Archives for category: women artists

I find this book pretty haunting because of Noora’s gender contraints, arranged marriage, lack of choices due to her family’s lack of money and influence, and in the end her choice. Perhaps it deserves five stars and I am judging it on my reaction to the characters choices in the plot rather than on the writing itself.

In Noora’s childhood in the rural area Musandam penisula of Oman nothing was easy for her family financially but she had quite a lot of freedom to be herself up to the point where her father has become mentally ill and her brother becomes head of the family. There were some very interesting pieces here, the visits from the matchmaker, advice from her mother, local people’s understanding of madness, etc. Noora is deeply loved by a young man who she can’t marry, something that many women can relate to, the lost soul mate.  At one point she and her brother go to inquire to a witch/healer about their father’s health.  I found that an especially interesting scene.  From here everything quickly changes for Noora and she is sent off to live as the third wife to a middle age man.   The person in the household who becomes most like a friend to her is a slave girl.  Here in that family she comes to understand deception, power, family politics, and grows up quickly.   The ending for me shows how far she has come in just two years.

The descriptions of landscape and character portrayals are rich here.

Last year I vacationed in Dubai and it was interesting to see how life was quite different in the city but some things are the same like the Abra rides on Dubai creek and the souks surrounding that area. I visited the historic house, the Sheikh Saeed Al Maktoum House and with that I could easily imagine the sort of big, traditional house with windtowers and many rooms where the pearl merchant of the story lives.  The social life of even the 1950s feels remote to the amazing modern city with tanilizingly beautiful skyscrapers and flower gardens everywhere.

This is an important book and I am glad that Maha Gargash wrote it and that my friend recommended it to me.  As a cultural insider Ms. Gargash is a perfect guide on the journey that is the plot of this novel.

Please share your book recommendations for other books that are similiar to this.

The Sand Fish: A Novel from Dubai

By: Sue Braunschweig

I have been watching the developments in Art in the Middle East and specifically Saudi Arabia by internet.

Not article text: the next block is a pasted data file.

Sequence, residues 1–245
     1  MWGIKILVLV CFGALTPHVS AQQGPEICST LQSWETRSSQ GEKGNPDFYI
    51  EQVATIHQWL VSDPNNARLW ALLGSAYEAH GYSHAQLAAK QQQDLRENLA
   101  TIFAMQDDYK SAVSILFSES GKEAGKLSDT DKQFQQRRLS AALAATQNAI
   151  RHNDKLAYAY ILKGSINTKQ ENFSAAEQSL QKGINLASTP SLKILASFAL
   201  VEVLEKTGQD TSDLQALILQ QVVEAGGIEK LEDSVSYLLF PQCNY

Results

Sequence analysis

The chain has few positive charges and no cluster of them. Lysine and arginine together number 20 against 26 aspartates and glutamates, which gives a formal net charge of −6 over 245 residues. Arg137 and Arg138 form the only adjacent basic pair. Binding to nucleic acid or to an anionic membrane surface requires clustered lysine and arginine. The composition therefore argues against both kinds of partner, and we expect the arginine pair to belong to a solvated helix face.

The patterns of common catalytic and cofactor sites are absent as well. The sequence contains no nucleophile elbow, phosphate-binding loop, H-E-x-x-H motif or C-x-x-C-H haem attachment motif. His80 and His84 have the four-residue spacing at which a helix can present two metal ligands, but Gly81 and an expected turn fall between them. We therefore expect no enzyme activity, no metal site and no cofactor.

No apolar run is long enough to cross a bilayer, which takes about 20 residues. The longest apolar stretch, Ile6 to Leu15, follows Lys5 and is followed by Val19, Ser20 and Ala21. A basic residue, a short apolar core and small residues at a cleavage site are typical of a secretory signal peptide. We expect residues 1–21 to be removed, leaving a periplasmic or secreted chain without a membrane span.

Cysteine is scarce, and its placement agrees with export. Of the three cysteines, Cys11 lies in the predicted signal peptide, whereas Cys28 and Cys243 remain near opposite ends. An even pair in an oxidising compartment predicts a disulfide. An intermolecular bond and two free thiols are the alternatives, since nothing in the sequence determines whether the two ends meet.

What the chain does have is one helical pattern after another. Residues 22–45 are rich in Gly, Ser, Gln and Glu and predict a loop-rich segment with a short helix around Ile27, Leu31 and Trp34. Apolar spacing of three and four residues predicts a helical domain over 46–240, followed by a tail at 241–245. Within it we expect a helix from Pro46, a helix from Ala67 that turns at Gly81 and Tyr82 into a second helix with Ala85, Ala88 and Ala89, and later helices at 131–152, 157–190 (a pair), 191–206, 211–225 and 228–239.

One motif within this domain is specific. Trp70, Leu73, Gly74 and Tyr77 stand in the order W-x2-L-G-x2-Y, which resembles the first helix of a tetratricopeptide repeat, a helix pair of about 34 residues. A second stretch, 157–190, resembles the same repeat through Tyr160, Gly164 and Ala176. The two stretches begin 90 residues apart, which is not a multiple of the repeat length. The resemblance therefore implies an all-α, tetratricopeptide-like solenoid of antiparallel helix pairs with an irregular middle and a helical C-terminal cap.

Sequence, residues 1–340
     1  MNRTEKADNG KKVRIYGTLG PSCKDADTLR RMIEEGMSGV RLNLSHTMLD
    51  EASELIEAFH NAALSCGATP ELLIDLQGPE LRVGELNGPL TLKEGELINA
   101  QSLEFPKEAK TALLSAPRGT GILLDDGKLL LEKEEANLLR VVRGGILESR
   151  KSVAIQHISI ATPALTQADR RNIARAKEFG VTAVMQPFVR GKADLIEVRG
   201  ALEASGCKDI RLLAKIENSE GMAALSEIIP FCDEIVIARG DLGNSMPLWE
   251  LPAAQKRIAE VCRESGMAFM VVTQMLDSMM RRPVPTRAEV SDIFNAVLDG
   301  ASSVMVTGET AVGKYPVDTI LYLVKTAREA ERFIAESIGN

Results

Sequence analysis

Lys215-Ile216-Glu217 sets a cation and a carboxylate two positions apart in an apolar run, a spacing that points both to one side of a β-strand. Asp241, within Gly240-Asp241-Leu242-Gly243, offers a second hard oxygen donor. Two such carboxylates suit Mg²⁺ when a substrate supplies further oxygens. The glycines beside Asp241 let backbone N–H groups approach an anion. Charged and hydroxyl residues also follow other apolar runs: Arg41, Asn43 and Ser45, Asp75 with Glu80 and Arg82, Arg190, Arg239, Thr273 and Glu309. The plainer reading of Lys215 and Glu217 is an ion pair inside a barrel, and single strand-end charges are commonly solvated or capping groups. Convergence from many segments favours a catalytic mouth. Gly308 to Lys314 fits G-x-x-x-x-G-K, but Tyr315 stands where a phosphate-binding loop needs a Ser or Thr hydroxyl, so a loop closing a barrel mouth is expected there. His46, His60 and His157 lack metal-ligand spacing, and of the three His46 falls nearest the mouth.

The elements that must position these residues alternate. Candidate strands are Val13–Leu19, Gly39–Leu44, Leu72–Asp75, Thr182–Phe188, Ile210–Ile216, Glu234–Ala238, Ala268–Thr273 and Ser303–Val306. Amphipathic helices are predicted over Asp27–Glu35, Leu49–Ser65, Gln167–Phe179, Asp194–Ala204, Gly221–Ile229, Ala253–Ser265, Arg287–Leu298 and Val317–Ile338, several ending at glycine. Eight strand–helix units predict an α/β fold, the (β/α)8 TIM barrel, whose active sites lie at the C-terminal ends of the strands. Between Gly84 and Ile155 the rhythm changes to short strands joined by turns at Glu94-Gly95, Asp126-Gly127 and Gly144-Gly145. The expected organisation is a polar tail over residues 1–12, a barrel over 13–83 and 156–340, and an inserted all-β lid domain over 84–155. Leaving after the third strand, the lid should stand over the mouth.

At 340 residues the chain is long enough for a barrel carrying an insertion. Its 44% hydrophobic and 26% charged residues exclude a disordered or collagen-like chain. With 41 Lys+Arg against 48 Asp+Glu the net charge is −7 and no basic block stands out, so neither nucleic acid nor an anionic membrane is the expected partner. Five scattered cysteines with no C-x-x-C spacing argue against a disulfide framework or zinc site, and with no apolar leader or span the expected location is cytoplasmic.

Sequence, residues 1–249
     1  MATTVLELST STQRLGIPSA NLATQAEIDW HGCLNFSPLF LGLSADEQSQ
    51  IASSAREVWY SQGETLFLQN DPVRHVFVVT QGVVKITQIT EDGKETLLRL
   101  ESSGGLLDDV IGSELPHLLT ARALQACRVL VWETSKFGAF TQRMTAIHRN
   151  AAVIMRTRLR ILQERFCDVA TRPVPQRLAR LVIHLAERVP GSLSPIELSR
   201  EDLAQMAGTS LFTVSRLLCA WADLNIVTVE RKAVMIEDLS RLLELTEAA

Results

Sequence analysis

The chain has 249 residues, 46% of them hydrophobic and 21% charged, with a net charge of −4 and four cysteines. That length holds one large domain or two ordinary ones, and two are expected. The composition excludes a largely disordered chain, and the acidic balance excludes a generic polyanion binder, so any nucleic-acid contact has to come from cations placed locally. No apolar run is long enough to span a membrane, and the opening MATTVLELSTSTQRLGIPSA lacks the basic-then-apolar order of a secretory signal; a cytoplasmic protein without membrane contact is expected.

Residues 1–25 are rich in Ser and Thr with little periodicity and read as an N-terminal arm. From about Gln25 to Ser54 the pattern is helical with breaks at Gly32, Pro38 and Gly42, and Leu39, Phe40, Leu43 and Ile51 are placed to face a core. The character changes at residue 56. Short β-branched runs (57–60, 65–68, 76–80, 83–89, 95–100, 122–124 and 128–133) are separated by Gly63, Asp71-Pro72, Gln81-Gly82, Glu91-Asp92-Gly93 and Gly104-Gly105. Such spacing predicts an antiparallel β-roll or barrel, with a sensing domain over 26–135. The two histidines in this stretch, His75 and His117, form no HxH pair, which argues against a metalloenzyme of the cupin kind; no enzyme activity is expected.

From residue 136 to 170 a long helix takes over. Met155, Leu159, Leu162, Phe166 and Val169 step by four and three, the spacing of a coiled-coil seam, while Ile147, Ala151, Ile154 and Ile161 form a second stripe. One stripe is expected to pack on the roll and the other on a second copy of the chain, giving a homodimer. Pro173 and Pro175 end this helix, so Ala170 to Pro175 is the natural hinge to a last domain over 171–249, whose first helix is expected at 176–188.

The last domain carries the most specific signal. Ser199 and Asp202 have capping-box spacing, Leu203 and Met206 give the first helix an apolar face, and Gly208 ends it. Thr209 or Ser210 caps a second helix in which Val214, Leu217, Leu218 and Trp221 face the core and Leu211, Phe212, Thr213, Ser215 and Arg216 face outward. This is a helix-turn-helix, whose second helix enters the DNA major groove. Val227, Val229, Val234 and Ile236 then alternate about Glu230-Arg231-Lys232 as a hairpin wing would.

I remember the  day that I received my  first carpet clearly.  My now ex-husband and I were in a big and beautiful showroom in Istanbul and carpets were being flung open one on top of the next in a dizzying burst of color and pattern.   Truth be told  Jason  said that they only reason he bought me a carpet in Istanbul was because I had such a migraine. I guess he felt sorry for me. Thank God for that migraine!  I proudly carried that heavy bundle home on the plane though I was sure my arm was going to become completely disjointed from my shoulder.

In later trips to Morocco, my interest in handcrafted arts and crafts  grew as I was explosed the souks and walked into shop after shop of colorful lamps, pillows, leather goods, hexagonal wood tables with intricately painted designs, Tuareg jewelry and of course carpets.

When I was planning my trip first and only trip to Cairo, Egypt in January 2010 I had read in my trusty Thomas Cook and National Geographic guidebooks that The Museum of Islamic Art was scheduled to reopen  by the end of 2009.   They had already been renovating since 2003.  It was unfortunatley not reopened by the time of my trip.  That was a disappointment but I hope to visit it one day.

When researching my trip to Dubai last year I learned about  Art Dubai a huge international art fair held each March with participanting galleries from over thirty countries but again my dates didn’t work out. I did however buy three old Saudi bedouin silver rings from  a gallery in one of the malls.  More bedouin jewelry has since come my way by way of Ebay.

Those of you following this blog know I have a special interest in Saudi Arabia.  Since 2008  I have been following the news about the Edge of Arabia exhibit. The group of Saudi artists have exhibited in not only London, but also Berlin,Venice and Istanbul.   Just weeks ago they did  the “We have to talk” exhibit in Jeddah.

Most recently, just a day or two ago,  there was a one day exhibit of work by four female Saudi artists in Jeddah.   The exhibit was at the Hilton Hotel in Jeddah.

  • Hiyam Al-Khurdy is a Saudi artist whose work was inspired by ‘Makkah folklore and Islamic art”.  She paints in oil and uses a techique that makes them appear 3D.
  • Mariyam Sudayri paints on silk  and also exhibits  photography. In the arabnews.com article Sudayri reveals she is self taught.
  • Munira Abul Khail – painter
  • Wafa Hidaya – painter

Only one photo and some short descriptions of their art appeared in Arabnews.com.  I am interested to know  more about each woman. Here is a link to that article.  Please comment if you know of a book about Saudi women artist profiles or about their work, or can suggest artists or museums I should learn more about.

http://arabnews.com/lifestyle/offbeat/article623823.ece